ROBERT SMITH, host:
A senior Pakistani army commander was killed this morning as his forces blasted holes in the walls around the besieged Red Mosque in Islamabad. An Islamic cleric, Abdul Rashid Ghazi, is holed up inside with 100 militants and an undetermined number of religious students. President Pervez Musharraf warned the militants yesterday that they would be killed if they didn't surrender.
Joining us is Washington Post reporter Griff Witte in Islamabad. Good morning.
Mr. GRIFF WITTE (Reporter, The Washington Post): Good morning, Robert.
SMITH: How did the death of the army commander change the situation there?
Mr. WITTE: Well, I think that it puts a little bit more pressure on the government to really take decisive action here. This is a conflict that has been playing out over the course of six days now. We're in day six of the siege, and until now, the government had suffered initial casualties in the first day, but it did not suffered any more after that. But, as you said, this morning there was an army commando who was killed and a second who was injured. So this does put more pressure on the government now to take decisive action.
SMITH: What do we know about conditions inside the mosque this morning? Are they running out of food and water?
Mr. WITTE: Well, it depends on who you ask. The cleric inside, Ghazi, says that he has enough supply to keep him going for about another month or so. But we are getting scattered accounts from the inside - from people who are saying that conditions are getting pretty desperate in there, that they are in need of food, that they are in need of water, and that they won't be able to hold out that much longer.
SMITH: The government says that the cleric, Ghazi, is holding children in the mosque against their will. But Ghazi denies that the students there are coerced. From the people you've spoken with, what's the real story?
Mr. WITTE: Well, you do certainly - I talked to several family members of those who are inside who say that they've talked with their children, they talked with their loved ones and they - their loved ones have said they want to come out and they are being prevented from getting them out. A contingent of family members went to the gates of the mosque the other day, and they were fired on from militants within.
So it does seem as though there is something of a hostage situation going on right now. It's obviously to Ghazi's benefit to keep women and children inside because as long as he does that, he feels that he can stave off the ground base assault by the commandos.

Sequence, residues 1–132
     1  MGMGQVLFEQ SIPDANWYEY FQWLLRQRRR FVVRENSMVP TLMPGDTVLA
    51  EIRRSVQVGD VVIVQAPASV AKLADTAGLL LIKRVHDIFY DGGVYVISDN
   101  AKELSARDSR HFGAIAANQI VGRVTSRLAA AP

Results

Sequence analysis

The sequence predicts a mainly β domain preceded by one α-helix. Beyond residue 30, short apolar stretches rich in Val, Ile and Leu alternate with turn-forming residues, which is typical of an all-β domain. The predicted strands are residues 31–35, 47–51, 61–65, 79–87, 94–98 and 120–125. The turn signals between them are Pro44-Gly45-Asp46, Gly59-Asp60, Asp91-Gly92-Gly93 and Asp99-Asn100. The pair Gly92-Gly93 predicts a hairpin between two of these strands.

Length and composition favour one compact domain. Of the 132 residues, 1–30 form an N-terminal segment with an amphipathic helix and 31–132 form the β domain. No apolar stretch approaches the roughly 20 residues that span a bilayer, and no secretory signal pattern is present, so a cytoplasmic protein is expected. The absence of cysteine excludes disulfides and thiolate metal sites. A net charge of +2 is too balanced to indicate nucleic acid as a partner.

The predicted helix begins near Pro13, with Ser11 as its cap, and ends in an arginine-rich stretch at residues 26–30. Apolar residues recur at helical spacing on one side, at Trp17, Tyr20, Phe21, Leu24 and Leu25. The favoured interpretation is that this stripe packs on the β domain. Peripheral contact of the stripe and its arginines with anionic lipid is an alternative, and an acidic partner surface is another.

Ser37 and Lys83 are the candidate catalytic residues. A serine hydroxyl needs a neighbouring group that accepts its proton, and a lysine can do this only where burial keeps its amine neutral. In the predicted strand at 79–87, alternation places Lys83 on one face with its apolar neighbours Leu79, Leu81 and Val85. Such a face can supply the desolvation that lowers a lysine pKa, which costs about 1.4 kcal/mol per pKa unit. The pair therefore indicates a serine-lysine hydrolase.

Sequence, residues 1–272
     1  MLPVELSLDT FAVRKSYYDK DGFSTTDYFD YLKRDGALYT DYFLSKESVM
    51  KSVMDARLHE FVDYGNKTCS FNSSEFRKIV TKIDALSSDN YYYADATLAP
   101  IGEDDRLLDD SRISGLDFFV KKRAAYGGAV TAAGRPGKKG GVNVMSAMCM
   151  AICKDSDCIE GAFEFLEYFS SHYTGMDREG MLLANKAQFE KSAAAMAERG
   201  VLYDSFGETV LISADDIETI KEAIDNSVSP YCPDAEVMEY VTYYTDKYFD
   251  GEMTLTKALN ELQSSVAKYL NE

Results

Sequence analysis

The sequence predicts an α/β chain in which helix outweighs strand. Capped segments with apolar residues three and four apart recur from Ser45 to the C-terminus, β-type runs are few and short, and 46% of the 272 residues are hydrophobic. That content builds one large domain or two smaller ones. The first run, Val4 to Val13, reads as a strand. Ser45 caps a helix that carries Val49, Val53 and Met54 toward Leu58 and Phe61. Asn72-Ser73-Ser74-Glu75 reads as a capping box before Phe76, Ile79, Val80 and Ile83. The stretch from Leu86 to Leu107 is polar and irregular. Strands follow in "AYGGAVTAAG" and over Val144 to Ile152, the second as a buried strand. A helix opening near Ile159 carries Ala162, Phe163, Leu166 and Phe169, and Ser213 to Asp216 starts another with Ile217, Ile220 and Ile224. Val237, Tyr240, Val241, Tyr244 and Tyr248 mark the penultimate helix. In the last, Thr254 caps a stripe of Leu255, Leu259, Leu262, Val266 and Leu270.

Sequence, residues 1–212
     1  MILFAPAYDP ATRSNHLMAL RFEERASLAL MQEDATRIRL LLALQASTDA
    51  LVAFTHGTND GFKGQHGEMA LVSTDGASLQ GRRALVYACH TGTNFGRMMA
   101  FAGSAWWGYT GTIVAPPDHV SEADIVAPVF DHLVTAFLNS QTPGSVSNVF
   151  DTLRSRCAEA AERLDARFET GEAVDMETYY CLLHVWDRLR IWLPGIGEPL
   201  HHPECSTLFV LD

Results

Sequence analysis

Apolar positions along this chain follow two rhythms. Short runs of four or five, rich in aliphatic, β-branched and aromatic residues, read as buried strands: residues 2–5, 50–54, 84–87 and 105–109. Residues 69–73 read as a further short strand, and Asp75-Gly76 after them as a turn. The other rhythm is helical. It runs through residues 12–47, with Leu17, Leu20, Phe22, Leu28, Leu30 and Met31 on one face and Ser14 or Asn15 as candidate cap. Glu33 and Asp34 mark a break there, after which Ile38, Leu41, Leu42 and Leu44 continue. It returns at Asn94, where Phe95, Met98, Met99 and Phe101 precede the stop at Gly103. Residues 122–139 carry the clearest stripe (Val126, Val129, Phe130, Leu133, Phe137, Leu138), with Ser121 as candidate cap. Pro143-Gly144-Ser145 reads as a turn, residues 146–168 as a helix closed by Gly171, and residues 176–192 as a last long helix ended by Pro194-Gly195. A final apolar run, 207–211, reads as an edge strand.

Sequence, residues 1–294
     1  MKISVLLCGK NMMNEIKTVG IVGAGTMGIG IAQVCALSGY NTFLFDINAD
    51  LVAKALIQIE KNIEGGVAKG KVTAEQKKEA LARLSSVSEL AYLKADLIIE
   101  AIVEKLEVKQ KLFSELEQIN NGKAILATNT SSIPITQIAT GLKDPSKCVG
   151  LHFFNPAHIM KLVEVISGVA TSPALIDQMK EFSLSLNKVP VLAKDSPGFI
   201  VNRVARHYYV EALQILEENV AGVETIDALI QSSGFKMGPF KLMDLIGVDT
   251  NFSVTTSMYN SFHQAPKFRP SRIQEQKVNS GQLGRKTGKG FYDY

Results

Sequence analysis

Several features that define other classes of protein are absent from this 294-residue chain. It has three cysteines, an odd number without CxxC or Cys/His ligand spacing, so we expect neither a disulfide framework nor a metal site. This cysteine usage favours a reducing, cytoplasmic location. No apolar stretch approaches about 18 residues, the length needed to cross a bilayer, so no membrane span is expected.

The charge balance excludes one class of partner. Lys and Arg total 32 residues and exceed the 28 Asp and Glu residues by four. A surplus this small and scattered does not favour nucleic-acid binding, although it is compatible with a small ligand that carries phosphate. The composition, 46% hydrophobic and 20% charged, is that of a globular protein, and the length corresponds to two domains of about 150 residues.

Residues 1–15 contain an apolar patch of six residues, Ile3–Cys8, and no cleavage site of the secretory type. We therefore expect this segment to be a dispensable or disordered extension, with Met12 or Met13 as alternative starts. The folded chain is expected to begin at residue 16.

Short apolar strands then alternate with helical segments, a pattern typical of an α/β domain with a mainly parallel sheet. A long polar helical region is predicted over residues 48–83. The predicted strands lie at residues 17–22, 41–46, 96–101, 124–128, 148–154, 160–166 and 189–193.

SMITH: This morning, Ghazi said he hopes that the confrontation or even his death will spark an Islamic revolution in the country and President Musharraf has suffered intense political criticism over the last few months, plus a few assassination attempts. Is there a real possibility of an Islamic revolution in Pakistan?
Mr. WITTE: Not at the moment, I don't think so. I think that it's a very small minority of Pakistanis who have really radical views. It's really not a pervasive sense here that Pakistan needs to become a theocracy as Ghazi has preached. But you do see a creeping role of the radicals as you see increased militantism in the country and I think that it is something that Musharraf is obviously taking notice of now. Although moderates in the country feel that he's taking notice of this far too late and that he needed to act much sooner to arrest this rise of radicalism.
SMITH: Was the siege influenced the Pakistani public? Are they more receptive now to Ghazi's words?
Mr. WITTE: I don't think so. There were originally two clerics inside, one was Ghazi and one was his older brother, Maulana Aziz. Maulana Aziz tried to flee the mosque the other night dressed in a burka and was arrested. And then it's really been quite humiliating for him and it's really damaged the brother's reputation within the community of radical scholars and I think that they've lost a lot of credibility within that community.
SMITH: Ghazi said he would lay down his arms if he and his followers were not arrested. Are there any chances of the government letting these militants walk away?
Mr. WITTE: It's - (unintelligible) says the chance of that are remote. President Musharraf is a former army commando himself and yesterday he had very tough language when speaking on this. He said, basically, the militants need to either surrender or face death. And it seems as though, if we do not get a surrender sometime in the next few days, those commandos are in fact going to storm the compound and there will be a lot of death as a result.
SMITH: Griff Witte of The Washington Post speaking to us from Islamabad. Thanks, Griff.
Mr. WITTE: Robert, thank you.
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